Summer’s Coming

If y’all know anything about the South, you have to know that the incredible mixture of heat and humidity during the summer can incapacitate folks with weak constitutions. People die from the heat index here. I was 11 when we got our first air-conditioner. Before then, we had windows. And fans. Lots of fans. Lots of fans moving hot, wet air through the house. Almost no one in my neighborhood had air-conditioning. I used to think that my cousin Johnny, who lived down the street, was so lucky that his dad, my Uncle JP, was a service technician for the only appliance store in town. Johnny had air-conditioning. We just had fans. Lots of fans.

I could walk down the street at 5 in the afternoon and tell you what almost everyone in the neighborhood was having for supper. To this day, the wonderful aroma of fried potatoes & onions still makes me salivate like Pavlov’s dogs… Most “exhaust” fans were located in the kitchen, where the house was hottest. The “intake” fan would typically be located in the room where the family would congregate the most. For most folks, that was the living room because “mill houses” didn’t have dens. It was also typical for the intake fan to blow towards the normal sitting location of the man of the house… “Dad’s place.” For Gawd’s sake, everyone’s dad had to be kept as cool as possible. I learned early-on that getting on my dad’s bad side during the summer required long pants – a thick switch will do more than make welts on bare legs. It will “cut the blood out of you,” as we used to say in the country. Most people these days call it child abuse. In 1960, it was just a negative consequence in a working-class, behavior modification program. Painful, but highly effective.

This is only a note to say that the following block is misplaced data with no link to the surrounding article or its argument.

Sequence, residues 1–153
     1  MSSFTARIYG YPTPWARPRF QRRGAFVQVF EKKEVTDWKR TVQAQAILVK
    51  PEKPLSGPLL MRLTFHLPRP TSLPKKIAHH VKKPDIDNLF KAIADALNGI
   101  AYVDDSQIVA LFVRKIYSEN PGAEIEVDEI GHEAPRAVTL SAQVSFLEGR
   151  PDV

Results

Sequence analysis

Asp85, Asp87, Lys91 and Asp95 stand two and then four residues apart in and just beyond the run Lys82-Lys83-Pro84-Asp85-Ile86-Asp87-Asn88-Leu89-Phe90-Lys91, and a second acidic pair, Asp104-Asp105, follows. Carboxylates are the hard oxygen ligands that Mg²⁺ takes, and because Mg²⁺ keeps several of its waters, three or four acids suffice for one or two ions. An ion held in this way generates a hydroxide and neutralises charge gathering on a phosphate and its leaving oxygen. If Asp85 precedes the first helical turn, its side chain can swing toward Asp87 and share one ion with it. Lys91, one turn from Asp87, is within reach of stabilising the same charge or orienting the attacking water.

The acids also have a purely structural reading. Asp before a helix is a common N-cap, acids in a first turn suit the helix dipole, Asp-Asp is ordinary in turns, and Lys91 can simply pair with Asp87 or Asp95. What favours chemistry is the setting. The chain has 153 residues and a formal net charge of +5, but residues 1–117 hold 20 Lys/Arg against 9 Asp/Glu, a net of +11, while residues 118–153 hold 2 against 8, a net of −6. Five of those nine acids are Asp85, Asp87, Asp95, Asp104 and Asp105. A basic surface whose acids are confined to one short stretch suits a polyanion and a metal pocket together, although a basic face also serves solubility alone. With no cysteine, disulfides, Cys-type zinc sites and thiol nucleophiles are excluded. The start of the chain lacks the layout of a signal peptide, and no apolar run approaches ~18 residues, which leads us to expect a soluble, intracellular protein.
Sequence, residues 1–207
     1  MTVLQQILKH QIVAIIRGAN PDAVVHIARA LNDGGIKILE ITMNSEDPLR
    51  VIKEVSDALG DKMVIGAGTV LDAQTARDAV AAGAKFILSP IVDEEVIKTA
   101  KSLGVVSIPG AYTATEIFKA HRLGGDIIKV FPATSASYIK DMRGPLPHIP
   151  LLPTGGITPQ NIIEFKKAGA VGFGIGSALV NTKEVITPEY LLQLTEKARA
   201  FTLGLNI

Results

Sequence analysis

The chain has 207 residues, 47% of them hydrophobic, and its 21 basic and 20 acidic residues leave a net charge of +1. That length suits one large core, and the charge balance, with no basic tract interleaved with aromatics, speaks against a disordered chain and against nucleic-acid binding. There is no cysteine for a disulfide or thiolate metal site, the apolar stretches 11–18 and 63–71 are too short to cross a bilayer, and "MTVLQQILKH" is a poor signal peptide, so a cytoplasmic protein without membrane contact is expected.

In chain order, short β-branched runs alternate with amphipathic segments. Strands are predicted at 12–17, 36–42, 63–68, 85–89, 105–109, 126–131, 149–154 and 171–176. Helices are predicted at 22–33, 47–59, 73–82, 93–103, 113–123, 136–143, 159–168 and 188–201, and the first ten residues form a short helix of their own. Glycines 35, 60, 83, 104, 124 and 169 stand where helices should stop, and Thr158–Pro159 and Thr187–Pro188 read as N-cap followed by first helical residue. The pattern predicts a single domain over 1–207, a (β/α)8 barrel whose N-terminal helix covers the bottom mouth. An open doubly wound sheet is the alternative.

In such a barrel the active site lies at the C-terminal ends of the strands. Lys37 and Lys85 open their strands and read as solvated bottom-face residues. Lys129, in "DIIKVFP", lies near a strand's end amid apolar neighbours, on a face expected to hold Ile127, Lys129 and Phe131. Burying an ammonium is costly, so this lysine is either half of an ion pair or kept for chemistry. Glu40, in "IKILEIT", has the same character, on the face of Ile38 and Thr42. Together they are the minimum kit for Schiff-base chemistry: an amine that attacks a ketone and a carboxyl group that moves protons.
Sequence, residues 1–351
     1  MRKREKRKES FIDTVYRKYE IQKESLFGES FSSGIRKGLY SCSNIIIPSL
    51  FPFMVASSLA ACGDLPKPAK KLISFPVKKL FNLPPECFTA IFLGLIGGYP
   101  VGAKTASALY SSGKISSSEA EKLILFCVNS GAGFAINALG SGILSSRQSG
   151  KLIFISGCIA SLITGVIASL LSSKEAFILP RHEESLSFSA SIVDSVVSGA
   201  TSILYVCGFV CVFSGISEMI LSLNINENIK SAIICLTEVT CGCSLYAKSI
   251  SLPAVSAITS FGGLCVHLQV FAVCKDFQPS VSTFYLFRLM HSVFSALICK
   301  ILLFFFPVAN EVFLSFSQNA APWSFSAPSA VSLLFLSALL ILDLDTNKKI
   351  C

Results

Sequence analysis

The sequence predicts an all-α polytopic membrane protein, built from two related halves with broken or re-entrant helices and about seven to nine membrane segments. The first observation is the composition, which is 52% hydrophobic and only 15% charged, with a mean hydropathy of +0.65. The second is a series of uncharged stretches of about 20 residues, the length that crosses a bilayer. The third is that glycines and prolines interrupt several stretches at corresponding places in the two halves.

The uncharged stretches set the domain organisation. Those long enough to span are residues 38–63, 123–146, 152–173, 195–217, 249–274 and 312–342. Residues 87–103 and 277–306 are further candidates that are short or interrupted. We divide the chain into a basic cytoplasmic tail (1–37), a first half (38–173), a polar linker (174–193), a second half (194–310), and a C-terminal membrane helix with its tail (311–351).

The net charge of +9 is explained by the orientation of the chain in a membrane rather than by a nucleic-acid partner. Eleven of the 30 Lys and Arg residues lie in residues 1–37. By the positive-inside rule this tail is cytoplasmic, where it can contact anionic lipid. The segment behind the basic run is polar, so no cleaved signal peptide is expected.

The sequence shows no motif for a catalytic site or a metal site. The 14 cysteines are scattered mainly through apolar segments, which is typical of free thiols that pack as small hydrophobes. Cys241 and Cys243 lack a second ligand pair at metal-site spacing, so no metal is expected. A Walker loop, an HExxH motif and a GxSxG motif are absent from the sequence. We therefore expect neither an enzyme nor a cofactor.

It’s a fact that heat contributes to violent behavior. If you don’t believe me, take a look at the history of riots. For example, the temperature of LA during the Watts Riot of 1965 was in the 90’s. The riot lasted six days, killed 34 people and injured hundreds, and destroyed hundreds of buildings. Compare that to the Great Inuit Riot in Anchorage in 1964. Oh wait, that was an earthquake in Anchorage in 1964, not a riot. You’ll never hear of an “Eskimo” riot… ever. You’ll also not find many Inuits living below latitude 40, which is roughly the Mason-Dixon Line.

It’s just too hot to hunt walrus in the South…

Buford in 1959

Buford in 1959

 

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  • Susan Byrd

    You have a way with words, my friend!!

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